The History Thread is back! What have you been reading? What have you been thinking about? Tell us here!
As the long-term effects of COVID-19 become more apparent, I’ve been thinking about diseases of the lungs. The Irish Times had an article this weekend about Dr Noël Browne, Irish Minister for Health from 1948 to 1951 who led a successful campaign against the tuberculosis epidemic that had dogged Ireland since the 1890s. Browne had seen both his mother and his father killed by tuberculosis when he was a child. He also had it himself. Yet through his efforts, by 1960 the death rate from TB was less than a seventh of what it had been in 1951.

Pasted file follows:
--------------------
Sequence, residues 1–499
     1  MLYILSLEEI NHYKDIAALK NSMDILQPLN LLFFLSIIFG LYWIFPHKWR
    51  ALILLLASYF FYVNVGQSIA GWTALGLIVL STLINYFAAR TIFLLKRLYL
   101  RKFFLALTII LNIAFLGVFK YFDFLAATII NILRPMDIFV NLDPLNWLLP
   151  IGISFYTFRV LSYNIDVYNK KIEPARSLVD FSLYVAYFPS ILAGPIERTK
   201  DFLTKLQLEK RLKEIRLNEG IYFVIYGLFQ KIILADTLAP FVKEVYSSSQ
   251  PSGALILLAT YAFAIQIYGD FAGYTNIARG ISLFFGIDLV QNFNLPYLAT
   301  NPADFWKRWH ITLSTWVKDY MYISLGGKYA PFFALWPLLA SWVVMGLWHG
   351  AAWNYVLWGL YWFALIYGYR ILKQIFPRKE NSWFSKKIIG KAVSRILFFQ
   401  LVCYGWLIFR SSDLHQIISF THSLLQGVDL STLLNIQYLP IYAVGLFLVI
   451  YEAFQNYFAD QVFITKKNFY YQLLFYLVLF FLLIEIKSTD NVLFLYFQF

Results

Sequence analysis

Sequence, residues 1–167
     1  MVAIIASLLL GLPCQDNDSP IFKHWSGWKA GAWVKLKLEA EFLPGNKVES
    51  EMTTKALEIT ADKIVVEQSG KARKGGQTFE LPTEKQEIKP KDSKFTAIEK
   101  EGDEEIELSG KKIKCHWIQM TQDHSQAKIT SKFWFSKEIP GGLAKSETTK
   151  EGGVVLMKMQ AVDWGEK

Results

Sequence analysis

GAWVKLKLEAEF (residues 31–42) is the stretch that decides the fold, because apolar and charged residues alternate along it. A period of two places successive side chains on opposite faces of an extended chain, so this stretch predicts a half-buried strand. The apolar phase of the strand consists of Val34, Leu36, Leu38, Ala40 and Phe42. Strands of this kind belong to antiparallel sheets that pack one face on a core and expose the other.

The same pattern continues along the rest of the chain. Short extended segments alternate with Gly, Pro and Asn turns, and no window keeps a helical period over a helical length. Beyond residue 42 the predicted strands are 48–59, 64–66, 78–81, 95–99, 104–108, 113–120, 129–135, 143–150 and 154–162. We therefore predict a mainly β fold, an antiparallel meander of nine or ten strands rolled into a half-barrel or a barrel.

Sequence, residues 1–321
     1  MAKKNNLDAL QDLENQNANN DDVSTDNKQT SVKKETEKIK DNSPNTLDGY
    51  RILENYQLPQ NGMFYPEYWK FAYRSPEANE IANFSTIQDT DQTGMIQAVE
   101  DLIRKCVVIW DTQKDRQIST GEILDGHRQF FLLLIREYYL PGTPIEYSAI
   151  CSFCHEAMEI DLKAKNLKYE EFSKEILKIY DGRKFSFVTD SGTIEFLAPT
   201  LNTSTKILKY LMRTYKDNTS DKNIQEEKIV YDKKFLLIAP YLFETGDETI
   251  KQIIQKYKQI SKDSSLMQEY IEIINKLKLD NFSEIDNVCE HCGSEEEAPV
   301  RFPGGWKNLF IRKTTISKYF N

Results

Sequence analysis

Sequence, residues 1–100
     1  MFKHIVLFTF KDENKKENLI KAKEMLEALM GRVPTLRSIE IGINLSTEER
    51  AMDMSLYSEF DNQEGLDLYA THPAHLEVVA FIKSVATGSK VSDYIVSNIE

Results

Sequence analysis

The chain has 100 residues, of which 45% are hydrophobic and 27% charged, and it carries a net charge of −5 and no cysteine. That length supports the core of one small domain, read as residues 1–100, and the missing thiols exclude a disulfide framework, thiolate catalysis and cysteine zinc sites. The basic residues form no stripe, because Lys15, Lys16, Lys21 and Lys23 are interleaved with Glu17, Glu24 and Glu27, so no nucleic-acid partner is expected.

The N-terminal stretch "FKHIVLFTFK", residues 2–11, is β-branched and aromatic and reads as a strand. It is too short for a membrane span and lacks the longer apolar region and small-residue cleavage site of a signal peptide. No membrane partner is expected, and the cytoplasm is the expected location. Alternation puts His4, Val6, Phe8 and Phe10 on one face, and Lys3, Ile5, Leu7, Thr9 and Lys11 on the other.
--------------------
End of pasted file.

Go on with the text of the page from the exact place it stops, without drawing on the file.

Browne, however, was brought down by a very Irish scandal. In 1950, he proposed a scheme for free, universal healthcare access for mothers and children under sixteen, without any means testing (the “Mother and Child Scheme”). Unfortunately, Archbishop John Charles McQuaid saw this as the beginning of the slippery slope to birth control, and spoke out against it. The Church of Ireland also turned against it. Doctors claimed it would turn them into civil servants and their representative bodies were hostile to it. The terms “socialised medicine” and “communism” began to be thrown around. Browne’s own party turned on him and ultimately, Clann na Poblachta leader Seán MacBride demanded Browne’s resignation as Minister for Health and that was that. A much watered-down version was introduced by a later government, but the Mother and Child Scheme, something as simple as free healthcare for women and children, was too radical for its time and place.